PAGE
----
The final game of the summer international period comes from Port Elizabeth this weekend, where South Africa welcome the much-travelled Scots. Vern Cotter’s brief reign of Scotland thus far has, on paper, been a huge success: three wins from three games. Look a little closer, though, and it’s not quite as clear cut – a comfortable win over the USA masked an average performance, while they’ve needed late interventions to sneak past both Canada and Argentina, the latter of whom were missing several of their biggest names.
Still, Scotland fans used to years of losing close games will not be complaining, and rightly so – this is what they brought Vern Cotter in to do. This weekend’s challenge, however, is comfortably their biggest of the summer, and on the face of it it looks mission impossible. The Springboks come into the game on the back of two wins, and complacency won’t be an issue given the last-gasp nature of last weekend’s victory.
Vern Cotter is chasing a 100% record from his first tour as Scotland boss, so his side certainly won’t be lacking in confidence coming into this one. He has made four changes from the side that grabbed victory from the jaws of defeat in Cordoba, most eye-catchingly bringing in 20-year old number eight Adam Ashe, a man who hasn’t even won a cap for his province Glasgow Warriors yet.
Ashe, as has now been well publicised, was on a rugby scholarship in New Zealand when he got the call from Cotter. He faces one of the world’s most powerful operators in Duane Vermuelen – good luck, Adam. Behind him, Henry Pyrgos comes in to partner his Glasgow colleague Duncan Weir in the half-backs.
Chris Fusaro, an openside who will give Scotland a decent chance at the breakdown, comes into the side to negate the threat of Marcel Coetzee.
Heyneke Meyer had changed his side up, too, with five uncapped players entering the matchday squad. IRB Junior Player of the Year Handré Pollard’s inclusion at fly-half is the headline change, after his superlative performances at the JWC saw his side to within a point of winning the title.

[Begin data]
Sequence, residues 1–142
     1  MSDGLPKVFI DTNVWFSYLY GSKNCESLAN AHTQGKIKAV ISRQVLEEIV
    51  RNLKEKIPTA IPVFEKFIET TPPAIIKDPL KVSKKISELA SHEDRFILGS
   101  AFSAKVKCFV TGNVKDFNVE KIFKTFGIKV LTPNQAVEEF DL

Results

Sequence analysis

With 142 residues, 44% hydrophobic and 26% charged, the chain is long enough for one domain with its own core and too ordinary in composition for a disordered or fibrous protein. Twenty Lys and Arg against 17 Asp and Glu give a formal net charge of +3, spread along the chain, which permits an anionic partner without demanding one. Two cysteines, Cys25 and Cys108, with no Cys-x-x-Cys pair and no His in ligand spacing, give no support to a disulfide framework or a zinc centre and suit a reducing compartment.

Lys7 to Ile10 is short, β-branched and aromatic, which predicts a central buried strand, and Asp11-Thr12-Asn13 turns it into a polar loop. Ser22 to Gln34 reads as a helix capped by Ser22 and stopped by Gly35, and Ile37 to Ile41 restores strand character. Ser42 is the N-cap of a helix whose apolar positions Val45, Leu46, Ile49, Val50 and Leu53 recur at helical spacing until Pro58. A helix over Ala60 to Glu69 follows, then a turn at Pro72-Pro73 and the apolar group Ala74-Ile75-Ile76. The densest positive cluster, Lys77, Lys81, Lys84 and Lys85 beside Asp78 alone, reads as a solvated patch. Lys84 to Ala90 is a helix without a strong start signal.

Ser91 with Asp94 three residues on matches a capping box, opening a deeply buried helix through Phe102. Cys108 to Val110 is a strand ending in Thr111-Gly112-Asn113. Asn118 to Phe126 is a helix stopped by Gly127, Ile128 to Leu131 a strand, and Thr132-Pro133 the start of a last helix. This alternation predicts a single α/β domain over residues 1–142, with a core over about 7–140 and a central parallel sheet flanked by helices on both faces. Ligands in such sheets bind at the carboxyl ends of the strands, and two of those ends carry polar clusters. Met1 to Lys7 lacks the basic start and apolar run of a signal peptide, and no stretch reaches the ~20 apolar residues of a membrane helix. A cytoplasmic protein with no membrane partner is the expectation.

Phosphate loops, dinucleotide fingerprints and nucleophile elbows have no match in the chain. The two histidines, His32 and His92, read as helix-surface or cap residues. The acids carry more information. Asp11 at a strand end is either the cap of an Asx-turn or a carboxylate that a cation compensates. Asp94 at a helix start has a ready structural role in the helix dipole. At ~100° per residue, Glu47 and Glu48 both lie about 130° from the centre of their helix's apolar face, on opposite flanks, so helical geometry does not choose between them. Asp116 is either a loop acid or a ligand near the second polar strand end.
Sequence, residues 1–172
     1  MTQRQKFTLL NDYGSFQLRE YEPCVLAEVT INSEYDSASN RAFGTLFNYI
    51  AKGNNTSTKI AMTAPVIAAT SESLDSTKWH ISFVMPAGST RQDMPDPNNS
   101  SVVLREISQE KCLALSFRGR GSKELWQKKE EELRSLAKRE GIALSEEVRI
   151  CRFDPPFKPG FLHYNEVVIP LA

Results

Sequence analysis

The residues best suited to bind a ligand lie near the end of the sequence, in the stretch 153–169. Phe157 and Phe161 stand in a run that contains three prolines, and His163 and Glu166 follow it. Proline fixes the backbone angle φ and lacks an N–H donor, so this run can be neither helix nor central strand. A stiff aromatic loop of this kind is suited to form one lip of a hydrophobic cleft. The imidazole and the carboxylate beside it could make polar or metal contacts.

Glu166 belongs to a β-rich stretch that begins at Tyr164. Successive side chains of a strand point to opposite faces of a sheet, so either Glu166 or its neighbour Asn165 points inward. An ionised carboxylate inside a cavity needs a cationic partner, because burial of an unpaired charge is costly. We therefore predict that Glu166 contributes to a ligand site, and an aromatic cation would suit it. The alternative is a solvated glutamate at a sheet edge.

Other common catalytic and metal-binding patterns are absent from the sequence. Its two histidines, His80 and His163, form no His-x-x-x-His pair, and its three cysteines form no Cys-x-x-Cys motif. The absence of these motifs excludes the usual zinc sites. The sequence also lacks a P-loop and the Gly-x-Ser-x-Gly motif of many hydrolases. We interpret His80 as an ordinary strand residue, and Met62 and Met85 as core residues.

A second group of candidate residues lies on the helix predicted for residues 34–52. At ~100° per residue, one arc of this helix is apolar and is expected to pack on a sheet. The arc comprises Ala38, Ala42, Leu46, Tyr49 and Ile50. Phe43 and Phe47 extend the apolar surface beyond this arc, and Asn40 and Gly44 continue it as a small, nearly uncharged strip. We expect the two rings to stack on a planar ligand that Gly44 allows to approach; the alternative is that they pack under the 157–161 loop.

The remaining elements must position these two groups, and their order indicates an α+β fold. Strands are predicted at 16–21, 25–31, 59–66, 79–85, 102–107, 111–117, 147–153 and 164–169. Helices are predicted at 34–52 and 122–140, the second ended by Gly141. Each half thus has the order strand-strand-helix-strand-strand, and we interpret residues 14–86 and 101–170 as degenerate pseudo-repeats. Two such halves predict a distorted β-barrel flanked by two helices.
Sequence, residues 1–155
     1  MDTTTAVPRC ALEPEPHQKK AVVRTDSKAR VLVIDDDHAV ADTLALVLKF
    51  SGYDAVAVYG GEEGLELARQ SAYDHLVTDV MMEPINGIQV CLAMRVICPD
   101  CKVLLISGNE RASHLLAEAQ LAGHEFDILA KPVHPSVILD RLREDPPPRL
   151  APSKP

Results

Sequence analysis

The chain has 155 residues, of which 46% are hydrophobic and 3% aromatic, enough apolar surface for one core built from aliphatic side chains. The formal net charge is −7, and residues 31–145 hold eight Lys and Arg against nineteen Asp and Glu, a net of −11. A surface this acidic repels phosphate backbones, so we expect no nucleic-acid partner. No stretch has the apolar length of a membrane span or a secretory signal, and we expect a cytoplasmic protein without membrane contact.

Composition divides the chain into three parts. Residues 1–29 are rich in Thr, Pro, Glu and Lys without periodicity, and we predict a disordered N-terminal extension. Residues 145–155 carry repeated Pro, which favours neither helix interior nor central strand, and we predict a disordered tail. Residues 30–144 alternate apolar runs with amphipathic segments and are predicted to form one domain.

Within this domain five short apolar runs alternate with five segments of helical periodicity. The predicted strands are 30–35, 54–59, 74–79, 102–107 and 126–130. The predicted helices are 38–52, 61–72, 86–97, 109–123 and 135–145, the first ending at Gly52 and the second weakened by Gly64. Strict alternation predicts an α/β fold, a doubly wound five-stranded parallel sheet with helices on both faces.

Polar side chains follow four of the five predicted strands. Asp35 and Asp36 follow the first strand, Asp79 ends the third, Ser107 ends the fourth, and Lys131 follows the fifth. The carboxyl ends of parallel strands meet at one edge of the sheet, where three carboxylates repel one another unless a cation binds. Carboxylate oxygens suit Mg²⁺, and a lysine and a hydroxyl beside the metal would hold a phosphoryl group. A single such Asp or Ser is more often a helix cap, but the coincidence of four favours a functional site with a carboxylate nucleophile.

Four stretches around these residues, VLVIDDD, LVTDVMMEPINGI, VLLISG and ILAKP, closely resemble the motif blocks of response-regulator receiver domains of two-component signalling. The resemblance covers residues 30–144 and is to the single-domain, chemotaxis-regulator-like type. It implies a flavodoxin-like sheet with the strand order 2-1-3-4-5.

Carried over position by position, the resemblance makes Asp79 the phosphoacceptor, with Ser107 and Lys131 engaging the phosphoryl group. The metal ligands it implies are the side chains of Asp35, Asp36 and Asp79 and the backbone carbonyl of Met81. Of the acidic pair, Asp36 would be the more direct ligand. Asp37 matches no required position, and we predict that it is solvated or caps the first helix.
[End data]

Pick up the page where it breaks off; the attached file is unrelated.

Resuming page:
Lood de Jager is promoted to the starting line-up in place of Bakkies Botha, while Marcel Coetzee, who has had an exemplary Super Rugby season for the Sharks, takes François Louw’s place on the openside flank.
JP Pietersen continues his flirtation with the 13 jersey, an experiment that Meyer clearly seems intent on sticking with. He’s made a good fist of it so far, in attack especially, and with a back three of Lwazi Mvovo, Cornal Hendricks and Willie le Roux outside him, the South African backline possesses, for probably the first time in a while, more pace than power.
Head to head: Willie le Roux v Stuart Hogg
If you go back and watch anything good South Africa have done with ball in hand over the past few weeks, you will notice one thing: Willie le Roux has been at the heart of it. He has an appreciation of space that few others can boast, and with his pace and vision he more often than not exploits it. Scotland kickers beware: any wayward kicking will be punished.
His opposite man this weekend is similarly talented, but could do with a big performance. He has impressed in fits and spurts this tour, notably with a superb try against the USA, but has never really lived up to his Six Nations performance from a couple of years ago. With the Springboks’ kicking game always tactically astute, Hogg may find his opportunities limited but rest assured that, if given the opportunity, he can be every bit as devastating on the counter attack as le Roux.
As always with the Springboks, this game will start and end with their pack. If the Scottish forwards can find a way to negate a montrous group of forwards, they have a chance. The issue is that the home side are not just bigger, they are more experienced, and this is encapsulated in the two captains – Victor Matfield has 105 caps and 14 years more experience than opposite number Grant Gilchrist.
The Scots will look to get into Handré Pollard on the occasion of his first cap, but if he takes his international debut in his stride as he has this Super Rugby season and the Junior World Championship, then he will handle it just fine. Really, this has been a bit of an experimental tour for the Scots, as Cotter tries to establish who cuts the mustard and who doesn’t, a little over a year out from a World Cup – the inclusion of Ashe is proof of that. With both sides selecting unfamiliar combinations and new players, expect the opening exchanges to be somewhat error-strewn, but the South Africa line-up looks too good and, crucially, too powerful for a young Scotland team. South Africa by 20.
By Jamie Hosie
Follow Jamie on Twitter: @jhosie43